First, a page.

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La Vie en Couleur: Rose (Pink)

Updated: Aug 20, 2020

...a journey through the Colors of Provence!

Pink and Red are the colors in this week's La Vie en Couleur Collection!

The pinks of Provence come from the beautiful roses that cascade down the side of homes, while the red represents Mont Rouge, or the large deposit of ochre upon which the village of Roussillon sits. Which one of these beautiful colors or color mixes would be fun to incorporate in your home?

A little history:

The fabrics of Provence have an interesting and, shall we say, colorful history. Originally, in the early seventeenth century, Armenian merchants in Marseille imported these textiles from India. Marseille, home of one of the largest ports in the world, at that time was a tax-free port thus attracting many new industries and imports.

This new cotton from India was colorful, colorfast, and easier to care for than the wool and silk fabrics of the time. The textiles became an instant hit, especially with the nobility. King Louis XIV, the Sun King or Le Roi Soleil, loved and used these brightly colored fabrics so extensively that he realized very quickly that it was in his best interest to control this commerce. La Compagnie des Indes, or East India Company, was created so that King Louis XIV, and the French, would profit from this new product.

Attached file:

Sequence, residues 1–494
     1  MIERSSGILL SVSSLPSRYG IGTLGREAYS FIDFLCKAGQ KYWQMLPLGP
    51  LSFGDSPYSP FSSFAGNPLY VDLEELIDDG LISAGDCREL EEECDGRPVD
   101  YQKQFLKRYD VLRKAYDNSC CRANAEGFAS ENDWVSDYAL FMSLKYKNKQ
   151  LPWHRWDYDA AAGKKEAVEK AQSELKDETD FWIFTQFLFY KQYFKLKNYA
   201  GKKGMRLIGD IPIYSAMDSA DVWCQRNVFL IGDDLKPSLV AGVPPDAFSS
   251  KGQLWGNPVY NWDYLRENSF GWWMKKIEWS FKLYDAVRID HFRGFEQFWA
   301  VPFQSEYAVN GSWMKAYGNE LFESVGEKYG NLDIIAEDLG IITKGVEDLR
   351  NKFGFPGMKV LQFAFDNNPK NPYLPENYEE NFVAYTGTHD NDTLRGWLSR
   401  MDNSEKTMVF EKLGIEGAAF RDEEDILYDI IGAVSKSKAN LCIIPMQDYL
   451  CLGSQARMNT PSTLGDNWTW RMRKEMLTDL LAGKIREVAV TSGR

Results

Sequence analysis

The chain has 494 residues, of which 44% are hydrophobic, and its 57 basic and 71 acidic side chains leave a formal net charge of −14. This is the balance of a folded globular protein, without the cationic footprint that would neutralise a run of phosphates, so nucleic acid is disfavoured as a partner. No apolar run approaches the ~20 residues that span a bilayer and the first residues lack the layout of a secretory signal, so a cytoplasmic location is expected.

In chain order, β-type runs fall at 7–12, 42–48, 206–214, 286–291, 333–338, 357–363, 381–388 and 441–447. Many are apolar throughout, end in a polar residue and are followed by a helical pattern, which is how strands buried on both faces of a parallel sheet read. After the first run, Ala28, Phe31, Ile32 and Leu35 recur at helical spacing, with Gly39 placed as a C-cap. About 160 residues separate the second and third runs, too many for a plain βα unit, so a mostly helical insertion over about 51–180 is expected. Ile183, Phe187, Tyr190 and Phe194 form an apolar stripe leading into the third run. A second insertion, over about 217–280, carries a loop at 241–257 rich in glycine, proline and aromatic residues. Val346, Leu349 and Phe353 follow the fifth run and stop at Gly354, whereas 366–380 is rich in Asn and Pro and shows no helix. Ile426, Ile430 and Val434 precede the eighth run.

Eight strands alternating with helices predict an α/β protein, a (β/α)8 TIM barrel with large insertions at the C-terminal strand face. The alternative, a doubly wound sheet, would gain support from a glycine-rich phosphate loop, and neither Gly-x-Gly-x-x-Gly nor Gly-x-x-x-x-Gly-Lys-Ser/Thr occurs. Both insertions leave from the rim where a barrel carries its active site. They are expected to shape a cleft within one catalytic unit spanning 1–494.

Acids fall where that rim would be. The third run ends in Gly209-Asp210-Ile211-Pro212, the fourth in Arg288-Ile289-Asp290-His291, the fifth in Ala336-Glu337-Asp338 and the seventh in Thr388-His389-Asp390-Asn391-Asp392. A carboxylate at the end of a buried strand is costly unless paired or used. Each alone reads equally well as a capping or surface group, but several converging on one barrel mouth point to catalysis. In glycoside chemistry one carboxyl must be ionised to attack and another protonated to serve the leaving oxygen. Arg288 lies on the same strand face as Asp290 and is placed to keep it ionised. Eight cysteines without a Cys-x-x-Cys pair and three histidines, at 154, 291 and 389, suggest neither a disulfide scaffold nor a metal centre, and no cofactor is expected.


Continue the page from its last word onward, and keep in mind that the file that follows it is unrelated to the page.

This new textile trade was operating smoothly until the wool and silk industry began losing profits. After hearing the outcry, the King pivoted and outright banned the sale, production, and wearing of these new fabrics in 1686. The ban lasted approximately 73 years; however, fabric was still being produced in Avignon at the time as it was under Papal protection and not French law.

When the ban was finally lifted, "Les Indiennes" became as popular as it had been prior to the ban. Colorful patterns that incorporated the recurring motifs of the Provence landscapes reflecting sunflowers, olives, cigales (cicadas), poppies, and lavender began to appear on these fabrics.

Through the years, these textiles continue to be popular. Today, if you visit any Farmers Market, or Marché, in Provence, you'll see the large assortment of colorful linens and clothing created from this cotton with a long history!

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